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Best of the Fest

OUR PICKS OF THE DAY

There are probably as many ways to enjoy the New Orleans Jazz & Heritage Festival as there are styles of music found at the event that now celebrates its 41st year. Fest fanatics line up for the opening of the gates, and they refuse to leave the Fair Grounds before the last note sounds. Then there are those more casual types who drift into the festival site sometime during the mid-afternoon, perhaps to catch just one big act.

Musical tastes remain equally variable and thus contribute to the way one negotiates the multitude of options that are offered on the three large stages, four tents and three more intimate prosceniums. Many folks simply camp out at the venue that offers their brand of music, be it at the gargantuan Acura Stage where soul queen Aretha Franklin will perform on Fri., April 30 or the Economy Hall Tent, the spot for traditional jazz veterans such as drummer June Gardner, who will undoubtedly please the April 23 opening day crowd with his solid band and entertaining nature.

FRIDAY, APRIL 23. The first Friday boasts a cornucopia of music and sets the stage for a festival that, throughout its seven days, presents numerous special tributes. Drummer and noted WWOZ programmer Bob French leads the Original Tuxedo Jazz Band in celebration of its 100th year. Established in 1910 by trumpeter Papa Celestin, the ensemble boasts having the longest existence of continual performance in New Orleans. French took over leadership of the group from his father, Albert “Papa” French 25 years ago. Expect some special guests.

Zydeco hotshot, accordionist and vocalist Dwayne Dopsie, the youngest son of the late Alton “Rockin’ Dopsie” Rubin Sr., will pay tribute to his father by, as he says, “playing his songs that people fell in love with” such as “Sweet Lucy” and “Old Time Zydeco.” His brothers, vocalist/washboard player Rockin’ Dopsie Jr., drummer Tiger Rubin and accordionist Anthony Rubin will join him for this first-time event.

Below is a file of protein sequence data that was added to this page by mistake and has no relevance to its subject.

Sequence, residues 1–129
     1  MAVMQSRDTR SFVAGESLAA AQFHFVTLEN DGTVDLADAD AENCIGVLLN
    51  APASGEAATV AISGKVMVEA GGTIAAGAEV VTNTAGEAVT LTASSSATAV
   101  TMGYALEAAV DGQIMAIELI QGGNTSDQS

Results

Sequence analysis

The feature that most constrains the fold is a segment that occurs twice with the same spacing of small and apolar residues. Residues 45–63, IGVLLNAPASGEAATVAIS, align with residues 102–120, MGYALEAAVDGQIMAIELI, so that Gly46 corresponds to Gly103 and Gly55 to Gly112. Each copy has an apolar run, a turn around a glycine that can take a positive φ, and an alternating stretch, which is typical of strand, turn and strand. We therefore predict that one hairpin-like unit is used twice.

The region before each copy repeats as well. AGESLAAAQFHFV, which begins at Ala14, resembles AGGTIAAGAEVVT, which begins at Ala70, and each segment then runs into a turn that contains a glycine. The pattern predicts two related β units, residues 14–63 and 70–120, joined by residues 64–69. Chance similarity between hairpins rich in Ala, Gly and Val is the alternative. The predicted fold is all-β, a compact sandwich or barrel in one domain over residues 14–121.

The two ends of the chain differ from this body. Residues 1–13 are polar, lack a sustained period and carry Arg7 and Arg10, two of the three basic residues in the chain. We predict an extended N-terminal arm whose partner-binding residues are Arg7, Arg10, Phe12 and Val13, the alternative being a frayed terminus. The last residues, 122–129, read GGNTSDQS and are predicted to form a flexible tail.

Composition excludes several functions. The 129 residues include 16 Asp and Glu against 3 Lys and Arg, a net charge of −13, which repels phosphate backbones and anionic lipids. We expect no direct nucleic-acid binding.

Other strong acts this day are Grammy Award-winning modern jazz saxophone giant Joe Lovano, whose group includes two drummers; and Maurice Brown, an exciting, well-versed trumpeter who came to New Orleans via Chicago, then left following Katrina. Presently he’s making a name for himself in New York City. Funkmaster George Clinton and Parlament-Funkadelic, a highlight of last fall’s Voodoo Music Experience, brings it on with his merry gang of costumed funksters. Our own pianist and vocalist Dr. John brings on his own brand of funk, offering it up with his distinctive, swampy gris-gris.

SATURDAY, APRIL 24. Grammy-winning, singer/songwriting team Paul Simon and Art Garfunkel, who hit the scene in the mid-1960s and brought us classic hits such as “The Sound of Silence” and “Bridge Over Troubled Water,” top the first Saturday’s festival menu. Also on the bill is a special show from pianist and vocalist Davell Crawford, who’s inviting fellow keyboard masters Dr. John and Jon Cleary for a performance dubbed “One Foot in the Blues.” (Crawford returns to the festival on Sun., May 2 to lead the Davell Crawford Singers in the Gospel Tent.) Sousaphonist Kirk Joseph keeps the tribute theme going, paying props to the late, much-beloved Anthony “Tuba Fats” Lucen by assembling other big horn players for a “Sousaphone Symphony Parade.”

SUNDAY, APRIL 25. Another interesting combination of players takes place on the first Sunday with trombonist Wycliff Gordon, a longtime member of Wynton Marsalis’ Lincoln Center Jazz Orchestra. Gordon will team with New Orleans trumpeter James Andrews and saxophonist Victor Goines for a show called “The Wonderful World of Louis Armstrong.” The tributes continue with some of this city’s premier female jazz vocalists – Germaine Bazzle, Leah Chase and Betty Shirley – remembering our own Juanita Brooks, whose sudden passing last September stunned the local music community.